Practically every industry will be disrupted over the next few years, including finance, insurance, health care, manufacturing, transportation, education, I.T. services, and communications. Very few of today’s Fortune 500 companies will be on that list by the early 2020s. They will go the way of Blockbuster, Kodak, RIM, Compaq, and Nokia.
This is not all bad news, because disruption creates opportunities. New industries will emerge, and companies that lead the change will have the trillion-dollar market capitalizations.
The Next Wave Globalization: China, India and How the U.S. Can Keep Its Competitive Edge in the Midst of Globalized Innovation
Academics, policy makers and business executives say that the U.S. is falling behind in math and science education and is losing its global advantage because China and India graduate more engineers. They cite poor test results, declining international rankings and decreasing enrollment in the hard sciences. They believe the remedy for U.S. competitiveness is to graduate more engineers and scientists.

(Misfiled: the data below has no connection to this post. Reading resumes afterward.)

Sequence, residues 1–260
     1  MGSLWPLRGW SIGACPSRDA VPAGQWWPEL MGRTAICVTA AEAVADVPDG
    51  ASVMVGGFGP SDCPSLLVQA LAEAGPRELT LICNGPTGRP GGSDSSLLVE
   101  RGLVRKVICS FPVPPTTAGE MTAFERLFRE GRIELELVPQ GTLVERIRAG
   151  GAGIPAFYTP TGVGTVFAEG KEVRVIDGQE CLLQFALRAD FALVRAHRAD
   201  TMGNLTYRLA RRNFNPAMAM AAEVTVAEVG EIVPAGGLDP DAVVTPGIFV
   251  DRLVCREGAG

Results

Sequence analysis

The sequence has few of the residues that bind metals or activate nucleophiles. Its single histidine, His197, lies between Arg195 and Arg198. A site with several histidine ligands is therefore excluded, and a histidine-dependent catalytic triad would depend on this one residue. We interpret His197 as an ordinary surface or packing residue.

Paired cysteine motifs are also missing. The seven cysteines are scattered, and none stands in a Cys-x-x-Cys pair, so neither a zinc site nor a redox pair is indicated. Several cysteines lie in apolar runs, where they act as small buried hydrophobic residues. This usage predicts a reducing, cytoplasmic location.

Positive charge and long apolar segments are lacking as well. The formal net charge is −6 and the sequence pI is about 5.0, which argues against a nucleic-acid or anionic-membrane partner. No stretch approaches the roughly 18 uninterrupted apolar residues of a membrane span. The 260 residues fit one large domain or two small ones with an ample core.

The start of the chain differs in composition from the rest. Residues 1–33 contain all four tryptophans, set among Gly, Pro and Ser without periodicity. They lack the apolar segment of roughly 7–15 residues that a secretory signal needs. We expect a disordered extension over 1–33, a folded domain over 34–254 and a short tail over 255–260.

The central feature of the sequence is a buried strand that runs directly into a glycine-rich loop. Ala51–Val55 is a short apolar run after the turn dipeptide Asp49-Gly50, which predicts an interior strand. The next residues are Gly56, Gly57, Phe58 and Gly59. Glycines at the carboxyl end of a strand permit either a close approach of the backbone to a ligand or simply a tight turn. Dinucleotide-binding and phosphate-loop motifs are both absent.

America has reason to worry, but the problems aren’t its graduation rates or international rankings. China and India’s advantages are much different than we understand. They may graduate large numbers of engineers, but the quality of the education is so poor that they have to be retrained when they start work. To continue to lead, America has to focus on its core advantages and not try to be like its new global competitors.
What Makes an Entrepreneur and How Can We Make More of Them?
The legends of Bill Gates, Steve Jobs, Mark Zuckerberg and other high-tech entrepreneurs have fed a stereotypical vision of innovation in America: Mix a brainy college dropout, a garage-incubated idea and a powerful venture capitalist, stir well, and you get the latest Silicon Valley powerhouse. That’s Hollywood’s version of technological innovation; unfortunately, it’s also the one that venture capitalists try to fund and government planners seek to replicate. But these individuals are not America’s typical entrepreneurs and that is not the way to build innovation systems.
In this interview, Vivek Wadhwa discusses: